Crafts etc

Crafts etc and Food and General and work (kinda)21 Mar 2010 01:05 am

I once had a pretty great job. (A great job that morphed into an awesome job, in fact.) But, I digress. At the great job I scanned and photographed vintage ephemera. Old scrapbooks, books, cards, diaries. I worked for a research project where we digitized old texts for researchers to use. It was an infinitely interesting job. Sometimes a bit tedious (I come by the nickname Scan Monkey honestly), but still interesting.

Therefore it was with great interest that I checked out the New York Public Library’s digital archives today. They are so much cooler than what I did. What they’ve compiled is a stunning assortment of scans and images from their huge collection, ranging from zoology to science & medicine to “cigarette cards.”

My favourite today is the menus, however. Of course. They all come from one collector: Miss Frank E. Buttolph. Astonishing. From the collection description:

The menu collection originated through the energetic efforts of Miss Frank E. Buttolph (1850-1924), a somewhat mysterious and passionate figure, whose mission in life was to collect menus. In 1899, she offered to donate her existing collection to the Library — and to keep collecting on the Library’s behalf. Presciently, director Dr. John Shaw Billings accepted her offer and for the next quarter century Miss Buttolph continued to add to the collection. Her principal method of acquisition was to write to every restaurant she could think of, soliciting menus. When letters failed, she often marched into a restaurant and pleaded her case in person. She also placed advertisements in trade publications like The Caterer and The Hotel Gazette, but just as often, published news of her collection prompted outright contributions of specimens from around the world.

She collected some 25,000 menus before her death in 1924.

Menu from the Farewell dinner for the Japanese Minister at the Arlington in 1887. I love the champagne and cigarette break.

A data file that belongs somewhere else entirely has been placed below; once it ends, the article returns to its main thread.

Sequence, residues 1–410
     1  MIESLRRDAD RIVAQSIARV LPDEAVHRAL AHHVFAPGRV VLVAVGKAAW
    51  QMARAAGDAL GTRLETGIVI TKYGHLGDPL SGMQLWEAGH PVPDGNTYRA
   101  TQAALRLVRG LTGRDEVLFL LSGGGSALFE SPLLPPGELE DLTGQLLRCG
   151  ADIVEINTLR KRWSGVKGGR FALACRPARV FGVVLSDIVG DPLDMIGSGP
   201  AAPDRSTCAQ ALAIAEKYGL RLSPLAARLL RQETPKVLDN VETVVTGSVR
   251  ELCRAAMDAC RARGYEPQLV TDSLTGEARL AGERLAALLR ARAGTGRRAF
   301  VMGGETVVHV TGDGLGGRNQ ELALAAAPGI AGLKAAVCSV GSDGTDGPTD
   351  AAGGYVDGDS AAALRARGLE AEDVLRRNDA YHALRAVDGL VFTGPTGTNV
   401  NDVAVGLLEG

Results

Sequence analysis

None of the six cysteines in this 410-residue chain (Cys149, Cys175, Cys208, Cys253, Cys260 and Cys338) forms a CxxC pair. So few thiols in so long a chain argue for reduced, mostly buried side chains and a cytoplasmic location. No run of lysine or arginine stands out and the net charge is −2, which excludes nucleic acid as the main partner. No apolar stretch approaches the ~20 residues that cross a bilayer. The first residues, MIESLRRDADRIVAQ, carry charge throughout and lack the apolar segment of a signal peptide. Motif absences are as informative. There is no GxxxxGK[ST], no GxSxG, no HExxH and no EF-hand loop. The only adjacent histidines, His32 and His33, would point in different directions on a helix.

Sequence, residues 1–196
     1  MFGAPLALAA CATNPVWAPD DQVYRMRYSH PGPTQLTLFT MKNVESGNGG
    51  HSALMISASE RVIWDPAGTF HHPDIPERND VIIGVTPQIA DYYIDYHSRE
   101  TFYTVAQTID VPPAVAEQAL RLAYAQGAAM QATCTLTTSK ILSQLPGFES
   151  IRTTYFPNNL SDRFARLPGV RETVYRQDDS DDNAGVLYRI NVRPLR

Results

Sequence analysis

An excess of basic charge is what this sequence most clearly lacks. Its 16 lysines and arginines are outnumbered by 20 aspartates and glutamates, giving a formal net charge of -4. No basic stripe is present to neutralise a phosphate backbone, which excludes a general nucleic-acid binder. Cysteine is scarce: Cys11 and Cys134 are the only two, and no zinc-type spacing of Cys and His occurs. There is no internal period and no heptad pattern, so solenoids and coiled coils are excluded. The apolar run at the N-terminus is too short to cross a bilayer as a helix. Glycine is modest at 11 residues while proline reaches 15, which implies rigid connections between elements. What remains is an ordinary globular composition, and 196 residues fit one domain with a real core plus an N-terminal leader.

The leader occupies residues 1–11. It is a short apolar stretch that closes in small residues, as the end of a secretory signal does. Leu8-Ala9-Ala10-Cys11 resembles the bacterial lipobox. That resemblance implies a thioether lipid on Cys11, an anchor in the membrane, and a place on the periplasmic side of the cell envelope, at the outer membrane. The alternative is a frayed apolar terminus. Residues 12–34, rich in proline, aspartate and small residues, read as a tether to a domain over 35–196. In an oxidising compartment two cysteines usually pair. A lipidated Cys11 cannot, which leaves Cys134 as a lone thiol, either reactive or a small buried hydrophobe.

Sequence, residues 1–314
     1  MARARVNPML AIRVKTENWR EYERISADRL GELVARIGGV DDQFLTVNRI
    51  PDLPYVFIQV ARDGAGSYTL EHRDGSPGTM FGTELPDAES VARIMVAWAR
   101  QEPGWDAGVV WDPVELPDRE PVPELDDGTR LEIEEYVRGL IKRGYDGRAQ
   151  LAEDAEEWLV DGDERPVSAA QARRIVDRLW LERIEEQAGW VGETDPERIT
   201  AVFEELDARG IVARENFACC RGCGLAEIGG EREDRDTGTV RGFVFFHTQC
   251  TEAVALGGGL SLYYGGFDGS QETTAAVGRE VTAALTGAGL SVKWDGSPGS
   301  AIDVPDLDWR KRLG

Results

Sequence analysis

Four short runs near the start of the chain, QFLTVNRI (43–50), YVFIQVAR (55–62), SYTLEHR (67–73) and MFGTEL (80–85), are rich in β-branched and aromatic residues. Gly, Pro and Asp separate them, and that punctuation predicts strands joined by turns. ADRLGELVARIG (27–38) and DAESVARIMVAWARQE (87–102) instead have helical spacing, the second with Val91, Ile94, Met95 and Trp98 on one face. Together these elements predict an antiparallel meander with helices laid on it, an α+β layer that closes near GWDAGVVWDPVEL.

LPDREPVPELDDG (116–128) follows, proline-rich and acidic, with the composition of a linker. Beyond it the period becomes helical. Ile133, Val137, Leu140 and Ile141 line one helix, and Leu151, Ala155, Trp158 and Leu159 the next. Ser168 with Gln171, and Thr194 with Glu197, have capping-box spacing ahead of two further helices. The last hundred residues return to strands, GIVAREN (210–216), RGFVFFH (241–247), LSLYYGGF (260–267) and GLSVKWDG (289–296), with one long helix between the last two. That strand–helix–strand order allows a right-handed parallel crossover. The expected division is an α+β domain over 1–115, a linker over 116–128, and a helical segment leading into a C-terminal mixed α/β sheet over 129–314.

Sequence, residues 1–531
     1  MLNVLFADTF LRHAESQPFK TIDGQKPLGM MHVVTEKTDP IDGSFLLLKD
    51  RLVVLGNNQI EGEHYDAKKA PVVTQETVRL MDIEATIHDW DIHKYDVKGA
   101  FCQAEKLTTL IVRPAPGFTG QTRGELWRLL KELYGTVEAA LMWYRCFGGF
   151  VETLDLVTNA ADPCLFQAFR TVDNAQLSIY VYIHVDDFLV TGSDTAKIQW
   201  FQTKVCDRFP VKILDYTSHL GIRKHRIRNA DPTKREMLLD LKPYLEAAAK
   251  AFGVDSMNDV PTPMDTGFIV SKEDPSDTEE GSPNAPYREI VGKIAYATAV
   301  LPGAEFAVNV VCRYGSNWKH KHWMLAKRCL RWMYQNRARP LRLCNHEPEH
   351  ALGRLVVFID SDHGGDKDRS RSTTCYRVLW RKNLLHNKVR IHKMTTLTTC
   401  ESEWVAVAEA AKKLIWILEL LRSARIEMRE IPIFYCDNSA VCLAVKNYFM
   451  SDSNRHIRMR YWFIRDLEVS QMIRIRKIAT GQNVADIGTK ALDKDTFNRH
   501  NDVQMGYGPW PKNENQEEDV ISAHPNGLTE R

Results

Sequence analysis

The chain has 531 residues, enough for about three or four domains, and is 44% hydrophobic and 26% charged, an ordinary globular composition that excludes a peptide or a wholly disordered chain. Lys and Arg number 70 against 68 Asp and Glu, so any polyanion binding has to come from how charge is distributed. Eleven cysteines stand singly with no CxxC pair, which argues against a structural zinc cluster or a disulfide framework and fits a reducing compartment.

Menu from the Fourth of July dinner at the Bass Rock Hotel in 1888.

Luncheon en route the R.M.S Oceanic in 1900.

New Year’s Dinner at the Portland (hotel) in Portland, Oregon, 1895.

Daily cafeteria lunch menu at 57 Broad Street, New York City, 1900. Look at the prices and the the way the menu is divided.

Wine list from an Elks’ dinner, on a trip en route to Buffalo in 1905.

I could spend all day finding and posting interesting menus from this archive. My only gripe is that many of the menus are for society dinners and high class events. However, they do offer insight into what was fashionable in food at the time: turtle, sauces, cigarettes and cured meats, it would seem.

I also love the design, artwork and attention to detail paid to the menus. They sure don’t make ’em like they used to. As I continue to search for inspiration for the design the of the menus for our wedding dinner, I will be investigating this archive closely, I expect.

Here are all the other archives to investigate. There is something for everyone.

Crafts etc and Food and Food: Home Cookin'07 Jan 2010 06:11 pm


My make-at-home, oven-friendly S’more kit. Based on an idea from Twig and Thistle.

So perhaps the title of this post is a bit misleading. I knew what I was getting into by making marshmallows. Candy thermometers, sticky messes and experimentation. But somehow, it still turned into a nightmare.

Oh sure, everyone says they are easy. Those people are highly talented in the kitchen though: people like Martha Stewart and the bloggers behind Smitten Kitchen and Whisk. Even with an anxious approach, I still screwed up.

My intention was to put together adorable little S’more packages as New Years gifts. I can’t take credit for the idea, it originated here, at Twig and Thistle. The main difference was that I was going to make my own marshmallows. I really regret not making my own graham crackers as well, but: next year!

The most challenging part of this was finding a trustworthy candy thermometer and the right packaging for the kit. I ended up ordering a bundle of clear acrylic boxes from a wedding favour supply company in Vancouver called Wedding Things. A company called Uline, as well as Etsy and eBay were both options, but they either sold in HUGE amounts or shipping was a bit higher than I liked, so I went with a company close to home.

The first recipe I tried was from Smitten Kitchen. I liked it as it included egg whites, which is not a common component of most marshmallow recipes. I was hoping they would make springy, less saccharine marshmallows. I bought most of my ingredients from Bulk Barn (more on that later) and made them with my mom’s KitchenAid mixer. It’s an important tool for making marshmallows, as a hand mixer may just not have enough power. But some people reported success, so give it a try.



Uh-oh. This doesn’t look right. It foamed up like a science experiment, too.